Benny Morris: Blasts Tom Segev, Gives Ginor & Remez benefit of the doubt
1967: Israel, the War, and the Year That Transformed the Middle East
By Tom Segev
Translated by Jessica Cohen
(Metropolitan Books, 673 pp., $35)
Foxbats over Dimona: The Soviets' Nuclear Gamble in the Six-Day War
By Isabella Ginor and Gideon Remez
(Yale University Press, 287 pp., $26)
In all modesty, I know a thing or two about historical revisionism. The desire to innovate, to surprise, to overthrow conventional wisdom and to subvert the well-worn tale--I, too, have acted on these impulses. And I have no apologies for the disturbances that I caused. In the 1980s, the history of Zionism and Israel sorely required critical review and scholarly emendation. For decades, too much nationalist propaganda had passed without scrutiny and been imbibed by Israeli society.
The official history--from the outlandish, skimpy beginnings of Zionism in the 1880s, when a handful of poor Jewish settlers struck roots in a semi-arid patch of ground ruled by hostile Muslim governors, through the succession of victories over much larger and potentially far more powerful surrounding Arab states--was a tale of triumph and glory, veritably miraculous in concept and in experience. This history seemed, to myself and to some others, to call out for cool, objective study--and, in the process, to be pricked and deflated. In the course of the 1980s and 1990s, large themes and central episodes of the hallowed narrative were revised and retold with some persuasiveness and success, if not to universal approbation. Tom Segev had a small part in this revisionism with his 1949: The First Israelis, which appeared in English in 1986, but the book vanished without leaving much of a trace on Israeli scholarship or Israeli consciousness, because in tackling too many themes--the "Sephardi Problem," the religious-secular divide, the Israeli-Palestinian conflict--he contributed significantly to none.
But not all revisionism is good. Historical revisionism should aim at presenting a clearer and more accurate picture of the past than that served up by the previous generation of historians--a more truthful picture of what happened, and why, and how; of what motivated the protagonists and what were the reasons for, and consequences of, a given action or episode. Good revisionist historiography is no different from good historiography. It should not be written with a political purpose, or with the aim of shocking for shock's sake. (That is not revisionist historiography, it is tabloid historiography.)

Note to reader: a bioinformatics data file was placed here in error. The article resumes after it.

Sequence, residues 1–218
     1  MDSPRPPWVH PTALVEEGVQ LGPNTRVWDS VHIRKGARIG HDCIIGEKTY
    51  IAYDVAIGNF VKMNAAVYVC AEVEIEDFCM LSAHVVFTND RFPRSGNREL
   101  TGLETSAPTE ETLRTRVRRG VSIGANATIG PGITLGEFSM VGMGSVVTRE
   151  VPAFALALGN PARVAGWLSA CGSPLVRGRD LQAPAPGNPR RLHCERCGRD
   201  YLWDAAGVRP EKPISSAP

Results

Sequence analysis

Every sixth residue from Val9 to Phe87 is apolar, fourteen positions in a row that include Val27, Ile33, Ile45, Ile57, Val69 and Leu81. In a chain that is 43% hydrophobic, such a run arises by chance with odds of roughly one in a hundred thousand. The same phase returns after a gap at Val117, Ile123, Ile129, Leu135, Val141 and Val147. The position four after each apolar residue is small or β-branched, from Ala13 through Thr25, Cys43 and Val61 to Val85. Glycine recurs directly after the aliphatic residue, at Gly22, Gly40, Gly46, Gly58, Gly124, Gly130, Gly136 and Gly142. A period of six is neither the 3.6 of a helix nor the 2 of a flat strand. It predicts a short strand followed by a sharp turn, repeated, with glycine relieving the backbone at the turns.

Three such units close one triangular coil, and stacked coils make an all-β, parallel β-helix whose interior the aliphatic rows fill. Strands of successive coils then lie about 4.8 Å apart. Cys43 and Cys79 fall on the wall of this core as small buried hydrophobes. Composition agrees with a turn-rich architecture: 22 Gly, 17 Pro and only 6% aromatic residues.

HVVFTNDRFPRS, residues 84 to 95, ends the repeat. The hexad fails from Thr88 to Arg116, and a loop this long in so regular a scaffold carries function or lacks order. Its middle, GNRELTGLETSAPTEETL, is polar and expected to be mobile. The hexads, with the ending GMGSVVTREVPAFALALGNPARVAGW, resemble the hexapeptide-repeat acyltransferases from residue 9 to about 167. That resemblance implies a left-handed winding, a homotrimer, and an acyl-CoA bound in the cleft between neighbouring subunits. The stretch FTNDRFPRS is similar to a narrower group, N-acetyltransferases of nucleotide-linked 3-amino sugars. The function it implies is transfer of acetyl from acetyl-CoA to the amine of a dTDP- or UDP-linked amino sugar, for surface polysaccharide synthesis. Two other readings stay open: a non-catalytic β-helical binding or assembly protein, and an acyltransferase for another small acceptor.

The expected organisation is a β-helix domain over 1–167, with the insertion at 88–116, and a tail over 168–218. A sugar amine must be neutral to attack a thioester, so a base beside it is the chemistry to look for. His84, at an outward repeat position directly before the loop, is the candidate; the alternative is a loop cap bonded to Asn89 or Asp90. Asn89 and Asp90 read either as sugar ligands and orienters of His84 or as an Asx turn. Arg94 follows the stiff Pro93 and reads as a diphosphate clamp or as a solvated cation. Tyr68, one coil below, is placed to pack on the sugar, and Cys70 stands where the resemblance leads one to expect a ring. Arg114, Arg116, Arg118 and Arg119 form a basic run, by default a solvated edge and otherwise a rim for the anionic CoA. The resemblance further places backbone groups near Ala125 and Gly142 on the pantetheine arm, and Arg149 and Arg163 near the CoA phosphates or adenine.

Now, following the opening of many of the relevant major collections of papers in Israeli and American archives, we are in the throes of a revisionist surge regarding the Six Day War, whose fortieth anniversary has just been marked with a mixture of celebration and anxiety. Both 1967, by Tom Segev, and Foxbats Over Dimona, by Isabella Ginor and Gideon Remez, are explicitly revisionist. Ginor and Remez aim to correct our understanding of a crucial aspect of the origins of the crisis in May 1967, giving a radically new spin to the war that took place the following month, and specifically Soviet behavior during the war; while Segev subjects the war, including its origins and its aftermath, and specifically the question of Israeli behavior during the war, to the full flail of newly released documentation, turning the whole story on its head. Six Day War revisionism is not a purely local emendation of history: in Ginor and Remez's case, it has important global ramifications, and in Segev's case, it has deep moral implications regarding the conduct of the Jewish state....
... there is revisionism and there is revisionism. Isabella Ginor and Gideon Remez's book opens a door for further research. Its thesis deserves to be beaten like bushes by hunters outing their prey--and the prey will indeed be trapped, one way or another, at the moment the Russian archives open the relevant files. And if what the authors suggest is true, the Six Day War will end up illumined in a completely fresh light. As for Tom Segev, his book points readers and scholars in no worthwhile direction. Its argument is not merely wrong; it also makes a small contribution of its own to the contemporary delegitimation of Israel.
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